All About Ancient Grains
By Sara Butler
You’ve probably seen or heard the term “ancient grains” thrown around a lot lately -- it’s one of the latest buzzwords that all those concerned with healthy eating seem to be repeating. But what are ancient grains and are they really worth all the hype? Here’s what you need to know!
Ancient Grains Defined
Ancient grains don’t really have a definition but are grains typically identified as types of grains that have remained unchanged over the last 100 years or so. Unchanged means exactly what you think it does: Grains that have not been modified genetically or changed by modern growing practices. If your ancestors 100 years ago ate it just as you are, then it’s technically ancient.
Are They Healthier?
Ancient grains do have a leg up on processed or refined grains but keep in mind that grains don’t have to be in the ancient category to be healthy for you. Modern whole grains such as oats, popcorn, and brown rice are all healthy, nutritious, and maybe a little easier to find than some of the more exotic ancient grains.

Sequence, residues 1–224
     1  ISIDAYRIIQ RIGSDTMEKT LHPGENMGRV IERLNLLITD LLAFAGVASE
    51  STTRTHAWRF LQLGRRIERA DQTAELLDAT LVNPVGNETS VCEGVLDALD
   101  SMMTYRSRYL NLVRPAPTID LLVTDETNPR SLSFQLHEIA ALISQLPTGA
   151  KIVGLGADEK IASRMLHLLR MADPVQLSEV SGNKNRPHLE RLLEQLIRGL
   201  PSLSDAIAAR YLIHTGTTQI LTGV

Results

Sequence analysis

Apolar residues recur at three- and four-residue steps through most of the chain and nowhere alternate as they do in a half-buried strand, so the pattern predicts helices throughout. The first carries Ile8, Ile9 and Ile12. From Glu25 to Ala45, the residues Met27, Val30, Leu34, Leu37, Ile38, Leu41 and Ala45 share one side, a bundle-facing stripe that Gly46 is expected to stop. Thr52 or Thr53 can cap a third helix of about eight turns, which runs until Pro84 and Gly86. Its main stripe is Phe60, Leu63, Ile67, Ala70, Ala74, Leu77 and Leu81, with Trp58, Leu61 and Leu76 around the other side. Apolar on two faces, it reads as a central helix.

What Grains are Ancient?
There are a few easy to find (and make) ancient grains you should consider adding to your menu, including:
- Polenta – Yes! The ground white or yellow corn is full of protein, naturally gluten-free, and a great complex carbohydrate to add to your diet. Use it in place of rice or hot cereal and you’ll be getting plenty of Vitamin A and Vitamin C too.
- Amaranth – This is a very old grain that is wheat and gluten free, as well as high in protein. Just one serving has almost half your daily recommended amount of iron and is high in Vitamin C and calcium.
- Barley – This is a very nutrient-dense grain, high in Vitamin B, copper, selenium, fiber, iron, and manganese. It’s low in calories, too.
- Buckwheat – This grain makes a great addition to side dishes or salads since it’s high in Vitamin B6, copper, phosphorus, niacin, and magnesium. It also happens to be a complete protein, just like quinoa, meat, and dairy. If you don’t eat animal products, then give buckwheat a try.
- Wheatberries – These are an entire wheat kernel with all parts included, making it a great source of nutrients. It’s high in protein, fiber, Vitamin E, folate, and calcium.
Ancient grains are tasty and interesting to add to your diet, so try some today!
To learn more about your health, wellness, and fitness, see your local chiropractor at The Joint Chiropractic in Monroe, La.